But that doesn't matter because it's still dark and your neck is beginning to ache. You are still wedged in by your ribcage in that flat-out squeeze you can't get out of. The other cavers in your party can't reach out and help because you are blocking the way with your feet. You and they can shout at each other, but all it shows is that they still care. The cold of the rock against which you are pressed seeps into your skin. Your head is on its side. You cannot breathe very deeply. Your friends discuss whether to call out the cave rescue and who will do it; they are unsure as to what the rescuers might possibly do that they couldn't do themselves right now. They encourage you to try yet again to get out. One of them wanders away to a discreet distance to have a piss. Oh, what you could do for a piss right now except that it would foul up your wetsuit: one of those cherished smells associated with caving. Stale piss. Rotten carbide. Unwashed expedition furry suit. The delightful delicate aroma of clean fresh neoprene. Your plight is not as pitiful as that of a cave diver miles into a sump and bursting for a piss while wearing a dry suit. He imagines he can get his fly undone without several gallons of water spilling inwards. It reminds me of Sunday mornings festering on the bunk in a nice warm pit desperately trying to have a decent lie-in while my bladder screams in pain. If only I had had one less pint last night I could have co-existed with it. Now I have to get up, and when I stand up the little valves in my veins and arteries re-align themselves, blood goes shooting to the muscles and into different parts of my brain as I walk down to the bog. Now that blissful physiological state of the lie-in is lost forever. I can crawl back into my pit afterwards, but it is not the same. I am awake. Might as well haul myself down to the kitchen and Make Some Tea. Key by kettle.
A common icon of a common caving club is the bat. No attention is paid to the insects and the blind fish that inhabit there too. It is not a very good ecological system, the underground, there are no fish-eating bats. They use sonar so cannot 'see' into water unless they swim along upside-down with their heads and ears in it. Can bats swim? All they seem to do is flutter about and screech. They don't do proper flying any more than snakes can run, they never glide. They go flutter flutter flatter flitter screech all night long, and hang-upside-down and screech all day in caves where foxes and owls and cats can't get to them.
There is only one way for a caver to fly, I am likely to say, and that is to hang-glide. "You don't seem to like the surface of the earth, Julian," people observe to me. And you don't admire a great painting or sculpture by treading upon it all the time. I have seen scenery underground and views above ground which you do not know even in your dreams. Your flying dreams. Your falling dreams. Your drowning dreams. Your being buried alive dreams. I can fly with my own wings. Just hanging there, looking down, holding the bar in my hands and pushing it about. Steer to the left, then steer to the right. (Gets a bit boring after a while.) Again to the left. Again to the right. You ski this way, then that way, this way, that way, alternating between the two ways you can turn. The world is horizontal. Maybe it's a road winding. Maybe it's your legs walking. Maybe it's your knees and elbows crawling. Or a conveyor belt trying to be exciting. It takes two sides to get anywhere.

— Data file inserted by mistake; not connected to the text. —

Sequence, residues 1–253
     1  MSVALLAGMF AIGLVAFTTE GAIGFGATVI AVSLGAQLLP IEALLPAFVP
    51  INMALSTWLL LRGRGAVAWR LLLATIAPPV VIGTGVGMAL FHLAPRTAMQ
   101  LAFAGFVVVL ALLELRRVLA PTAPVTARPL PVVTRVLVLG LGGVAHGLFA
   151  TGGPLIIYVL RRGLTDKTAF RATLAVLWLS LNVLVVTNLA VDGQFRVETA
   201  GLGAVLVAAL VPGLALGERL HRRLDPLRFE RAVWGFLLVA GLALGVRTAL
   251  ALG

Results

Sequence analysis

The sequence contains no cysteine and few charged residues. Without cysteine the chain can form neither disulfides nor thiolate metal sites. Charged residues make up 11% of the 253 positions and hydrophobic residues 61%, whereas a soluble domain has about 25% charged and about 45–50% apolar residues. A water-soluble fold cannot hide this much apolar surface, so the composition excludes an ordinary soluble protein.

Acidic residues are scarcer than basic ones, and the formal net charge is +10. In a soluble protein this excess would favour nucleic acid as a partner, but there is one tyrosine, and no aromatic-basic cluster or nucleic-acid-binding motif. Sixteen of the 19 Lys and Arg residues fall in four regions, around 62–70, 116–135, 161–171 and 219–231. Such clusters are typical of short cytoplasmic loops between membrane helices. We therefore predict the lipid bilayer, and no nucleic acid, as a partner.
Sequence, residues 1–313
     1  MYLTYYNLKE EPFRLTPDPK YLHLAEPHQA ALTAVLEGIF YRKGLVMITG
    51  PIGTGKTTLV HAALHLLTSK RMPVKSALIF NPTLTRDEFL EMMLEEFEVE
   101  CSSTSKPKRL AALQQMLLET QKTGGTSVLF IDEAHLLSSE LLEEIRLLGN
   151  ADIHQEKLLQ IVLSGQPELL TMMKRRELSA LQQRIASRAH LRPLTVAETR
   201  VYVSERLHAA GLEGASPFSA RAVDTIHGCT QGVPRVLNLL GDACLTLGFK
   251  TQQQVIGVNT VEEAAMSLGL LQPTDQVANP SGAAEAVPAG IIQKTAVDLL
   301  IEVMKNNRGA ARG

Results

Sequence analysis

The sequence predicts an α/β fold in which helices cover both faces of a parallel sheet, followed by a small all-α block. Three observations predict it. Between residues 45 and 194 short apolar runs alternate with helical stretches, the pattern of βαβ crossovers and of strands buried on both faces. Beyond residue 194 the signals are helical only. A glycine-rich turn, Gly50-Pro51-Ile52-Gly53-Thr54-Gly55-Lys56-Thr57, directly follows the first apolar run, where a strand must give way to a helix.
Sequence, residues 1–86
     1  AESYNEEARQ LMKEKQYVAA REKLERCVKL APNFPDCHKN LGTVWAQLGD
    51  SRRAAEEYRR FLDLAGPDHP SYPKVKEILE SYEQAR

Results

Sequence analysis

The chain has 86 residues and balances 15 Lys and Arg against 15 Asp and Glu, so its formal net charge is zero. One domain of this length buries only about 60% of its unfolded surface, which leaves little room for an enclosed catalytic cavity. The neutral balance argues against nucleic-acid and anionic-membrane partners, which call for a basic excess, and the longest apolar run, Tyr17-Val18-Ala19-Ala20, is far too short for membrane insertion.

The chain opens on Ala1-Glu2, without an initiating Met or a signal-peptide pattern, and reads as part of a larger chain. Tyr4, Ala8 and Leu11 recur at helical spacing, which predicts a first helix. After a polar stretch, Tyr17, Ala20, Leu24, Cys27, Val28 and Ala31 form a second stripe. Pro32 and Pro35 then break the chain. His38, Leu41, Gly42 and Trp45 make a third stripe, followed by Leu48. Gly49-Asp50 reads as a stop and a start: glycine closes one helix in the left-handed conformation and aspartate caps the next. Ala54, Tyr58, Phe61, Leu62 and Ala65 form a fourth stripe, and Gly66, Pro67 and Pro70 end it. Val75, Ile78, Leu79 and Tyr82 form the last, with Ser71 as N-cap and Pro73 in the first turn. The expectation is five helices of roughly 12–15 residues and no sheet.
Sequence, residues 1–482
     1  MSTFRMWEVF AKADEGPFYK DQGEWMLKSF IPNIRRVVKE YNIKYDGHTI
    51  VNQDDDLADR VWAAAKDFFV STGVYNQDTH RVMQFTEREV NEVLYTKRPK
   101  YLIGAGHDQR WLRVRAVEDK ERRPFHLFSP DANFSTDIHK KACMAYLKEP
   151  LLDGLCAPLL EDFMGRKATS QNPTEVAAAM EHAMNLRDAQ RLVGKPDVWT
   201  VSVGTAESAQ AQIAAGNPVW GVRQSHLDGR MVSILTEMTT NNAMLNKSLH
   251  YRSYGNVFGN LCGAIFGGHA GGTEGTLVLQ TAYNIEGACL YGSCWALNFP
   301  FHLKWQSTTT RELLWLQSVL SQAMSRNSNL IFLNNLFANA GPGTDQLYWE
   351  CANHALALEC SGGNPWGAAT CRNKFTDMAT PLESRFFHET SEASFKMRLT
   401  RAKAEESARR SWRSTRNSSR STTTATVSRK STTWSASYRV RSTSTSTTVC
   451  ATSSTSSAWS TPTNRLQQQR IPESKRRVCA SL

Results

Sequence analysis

One comes to admire the design of the human body, it is so good for so many things, at getting itself about. I tried canoeing recently. The day after paddling a horrendous distance down a river, all these strange parts of my body started to ache. What is this? The action of paddling a canoe uses muscles that haven't been exercised before in my life. One day, your body decides to grow this little slip of muscle down by your waist because it would be rather good at stopping a particular loop of intestine from bulging out. Like all exterior muscles, a spare nerve fibre runs to it from your brain even though it isn't really necessary at the time. But suddenly, years later, you go canoeing and your brain decides that this slip of muscle is in just the right place, just what it needs to complete its grand muscular plan of paddle manipulation.
And this is how you get unstuck. No squeeze problem is entirely symmetrical, unless you have slithered down, say, a gun barrel - that's very symmetrical: you can move neither your left arm or your right arm. Somewhere in your neck is a muscle which helps you sulk, gives your face that added twist of miserableness, so it's probably quite strong. Your cerebellum, which ought to have an accurate plan of your body if it is doing its job properly, finally works out after two and a half hours of being prompted by your unhappy expression due to being badly stuck in a cave, that this muscle can be used as a lever. It displaces the action of one of your powerful back muscles by a small amount such that you slide sideways one centimetre. Then you can wriggle out.